Why change initiatives fail

Creating the right conditions for successful change requires putting people before things

Chris Laping Chris Laping, LinkedIn

Many companies want to change and transform (especially when facing digital disruption from competitors). Yet a majority of change efforts fail — one famous and oft-cited study pegged the rate of failure at 70%.

“Change rarely fails because those projects or change wasn’t smart enough – it’s a people-related issue,” Chris Laping, former CIO of Red Robin Gourmet Burgers and author of the upcoming book “People Before Things," told the audience at the CIO Perspectives event in Orange County in October 2015.

“We’ve been making this an end user problem for 20 or 30 years," said Laping. "The whole practice of change management focuses on the end user and says that when we give them something new, we will give them training, and we’ll give them a lot of communications. When people get these new systems and they don’t do what we expected them to do with the new systems, we will give them training and communications. Here’s the punch line: Change, and whether our organizations can really drive change and really innovate, is actually a product of leaders – it’s us in this room.”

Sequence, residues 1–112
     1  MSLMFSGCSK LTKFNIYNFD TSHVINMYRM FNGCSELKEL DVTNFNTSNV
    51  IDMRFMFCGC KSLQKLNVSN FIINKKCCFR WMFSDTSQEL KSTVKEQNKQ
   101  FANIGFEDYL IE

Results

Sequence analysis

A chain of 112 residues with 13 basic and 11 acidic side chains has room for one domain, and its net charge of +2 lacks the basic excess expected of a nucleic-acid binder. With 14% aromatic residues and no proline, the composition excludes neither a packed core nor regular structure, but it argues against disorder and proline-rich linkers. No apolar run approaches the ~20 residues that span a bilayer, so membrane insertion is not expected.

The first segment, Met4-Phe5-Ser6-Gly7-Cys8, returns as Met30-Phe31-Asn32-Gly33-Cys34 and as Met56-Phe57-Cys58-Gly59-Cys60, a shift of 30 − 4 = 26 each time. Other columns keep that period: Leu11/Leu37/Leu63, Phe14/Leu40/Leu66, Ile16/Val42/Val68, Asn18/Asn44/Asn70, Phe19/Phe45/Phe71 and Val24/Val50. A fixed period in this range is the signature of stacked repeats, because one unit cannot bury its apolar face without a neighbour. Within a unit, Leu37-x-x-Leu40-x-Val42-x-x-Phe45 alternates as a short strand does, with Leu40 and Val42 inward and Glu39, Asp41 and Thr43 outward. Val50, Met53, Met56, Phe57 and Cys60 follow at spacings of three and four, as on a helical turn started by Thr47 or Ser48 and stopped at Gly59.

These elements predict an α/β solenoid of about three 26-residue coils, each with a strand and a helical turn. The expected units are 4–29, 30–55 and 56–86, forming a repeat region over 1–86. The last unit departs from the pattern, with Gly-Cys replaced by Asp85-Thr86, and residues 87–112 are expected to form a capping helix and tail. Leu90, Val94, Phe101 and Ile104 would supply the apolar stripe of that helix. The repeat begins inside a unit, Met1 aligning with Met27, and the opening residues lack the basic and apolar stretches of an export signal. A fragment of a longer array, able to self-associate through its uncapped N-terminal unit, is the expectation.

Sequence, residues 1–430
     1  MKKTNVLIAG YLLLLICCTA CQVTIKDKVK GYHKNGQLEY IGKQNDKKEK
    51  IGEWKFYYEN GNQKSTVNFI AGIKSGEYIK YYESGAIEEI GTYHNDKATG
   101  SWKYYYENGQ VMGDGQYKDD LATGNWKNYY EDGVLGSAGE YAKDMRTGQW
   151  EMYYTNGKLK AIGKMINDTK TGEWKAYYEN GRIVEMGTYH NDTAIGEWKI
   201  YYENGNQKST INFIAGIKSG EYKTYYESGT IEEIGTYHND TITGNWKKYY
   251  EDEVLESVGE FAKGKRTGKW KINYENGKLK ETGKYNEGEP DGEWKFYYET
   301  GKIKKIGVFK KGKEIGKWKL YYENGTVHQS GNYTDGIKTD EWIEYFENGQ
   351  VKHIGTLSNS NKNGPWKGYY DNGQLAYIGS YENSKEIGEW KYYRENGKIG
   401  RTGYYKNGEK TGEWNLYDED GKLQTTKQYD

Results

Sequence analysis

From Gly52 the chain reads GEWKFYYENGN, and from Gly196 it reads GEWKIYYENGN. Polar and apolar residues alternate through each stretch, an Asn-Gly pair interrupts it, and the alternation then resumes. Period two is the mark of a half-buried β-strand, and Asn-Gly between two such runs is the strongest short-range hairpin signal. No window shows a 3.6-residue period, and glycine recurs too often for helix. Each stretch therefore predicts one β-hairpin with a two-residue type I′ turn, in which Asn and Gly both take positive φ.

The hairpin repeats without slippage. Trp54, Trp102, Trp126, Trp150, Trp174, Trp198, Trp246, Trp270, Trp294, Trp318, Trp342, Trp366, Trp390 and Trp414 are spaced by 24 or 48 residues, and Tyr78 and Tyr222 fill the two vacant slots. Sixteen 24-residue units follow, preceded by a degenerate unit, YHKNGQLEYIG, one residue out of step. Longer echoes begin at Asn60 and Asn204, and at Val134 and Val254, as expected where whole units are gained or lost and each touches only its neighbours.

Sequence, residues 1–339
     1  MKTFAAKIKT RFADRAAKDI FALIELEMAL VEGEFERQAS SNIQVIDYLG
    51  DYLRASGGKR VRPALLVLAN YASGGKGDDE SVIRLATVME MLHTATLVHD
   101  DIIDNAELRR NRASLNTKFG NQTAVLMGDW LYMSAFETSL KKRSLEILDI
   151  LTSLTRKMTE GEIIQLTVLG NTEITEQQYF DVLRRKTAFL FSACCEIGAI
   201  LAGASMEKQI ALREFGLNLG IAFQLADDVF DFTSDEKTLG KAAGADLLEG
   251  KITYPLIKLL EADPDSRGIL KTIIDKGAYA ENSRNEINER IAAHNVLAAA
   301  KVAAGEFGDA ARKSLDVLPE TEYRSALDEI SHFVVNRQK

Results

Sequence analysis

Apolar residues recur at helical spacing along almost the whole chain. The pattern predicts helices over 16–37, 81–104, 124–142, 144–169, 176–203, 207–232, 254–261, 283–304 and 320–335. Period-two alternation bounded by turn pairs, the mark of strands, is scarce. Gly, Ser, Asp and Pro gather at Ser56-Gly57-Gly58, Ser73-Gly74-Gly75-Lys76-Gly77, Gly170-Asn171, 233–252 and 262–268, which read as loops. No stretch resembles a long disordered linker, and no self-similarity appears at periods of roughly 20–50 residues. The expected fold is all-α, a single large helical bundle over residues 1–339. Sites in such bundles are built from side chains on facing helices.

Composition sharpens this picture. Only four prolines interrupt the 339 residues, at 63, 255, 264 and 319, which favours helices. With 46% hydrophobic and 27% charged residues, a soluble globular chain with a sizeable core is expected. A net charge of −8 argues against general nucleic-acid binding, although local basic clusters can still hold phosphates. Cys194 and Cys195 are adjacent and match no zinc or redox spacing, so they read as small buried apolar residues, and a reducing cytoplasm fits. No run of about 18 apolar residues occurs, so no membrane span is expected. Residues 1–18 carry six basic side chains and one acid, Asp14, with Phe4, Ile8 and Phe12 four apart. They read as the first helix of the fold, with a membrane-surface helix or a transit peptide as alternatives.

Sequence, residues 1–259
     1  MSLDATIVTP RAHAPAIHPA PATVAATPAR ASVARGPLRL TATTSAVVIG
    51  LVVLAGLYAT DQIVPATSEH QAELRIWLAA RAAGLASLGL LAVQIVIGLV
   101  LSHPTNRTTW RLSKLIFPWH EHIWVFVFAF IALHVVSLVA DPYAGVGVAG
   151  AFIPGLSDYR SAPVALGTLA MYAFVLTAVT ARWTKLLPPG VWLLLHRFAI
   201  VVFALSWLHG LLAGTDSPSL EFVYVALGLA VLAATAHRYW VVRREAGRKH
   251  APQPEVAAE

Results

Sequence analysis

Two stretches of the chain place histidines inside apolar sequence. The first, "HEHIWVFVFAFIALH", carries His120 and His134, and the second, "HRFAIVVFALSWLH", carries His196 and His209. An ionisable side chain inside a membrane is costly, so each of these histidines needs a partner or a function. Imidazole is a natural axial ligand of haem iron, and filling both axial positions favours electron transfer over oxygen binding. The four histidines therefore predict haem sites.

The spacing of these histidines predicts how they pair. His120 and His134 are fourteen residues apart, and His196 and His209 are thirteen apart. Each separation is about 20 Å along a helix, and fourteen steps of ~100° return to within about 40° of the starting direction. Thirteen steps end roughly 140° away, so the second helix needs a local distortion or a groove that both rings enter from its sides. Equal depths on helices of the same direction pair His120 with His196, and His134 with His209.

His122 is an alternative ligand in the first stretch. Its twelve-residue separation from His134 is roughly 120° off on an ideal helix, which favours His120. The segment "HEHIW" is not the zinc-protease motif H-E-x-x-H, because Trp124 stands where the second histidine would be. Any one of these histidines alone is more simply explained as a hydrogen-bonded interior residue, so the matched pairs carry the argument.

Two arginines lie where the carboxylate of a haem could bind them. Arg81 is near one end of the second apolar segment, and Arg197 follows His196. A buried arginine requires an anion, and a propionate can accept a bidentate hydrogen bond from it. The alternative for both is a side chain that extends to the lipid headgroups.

Register now to listen to Laping's CIO Perspectives presentation and learn more about how CIOs can create the conditions for successful change.


To continue reading this article register now

Download CIO's Roadmap Report: Data and analytics at scale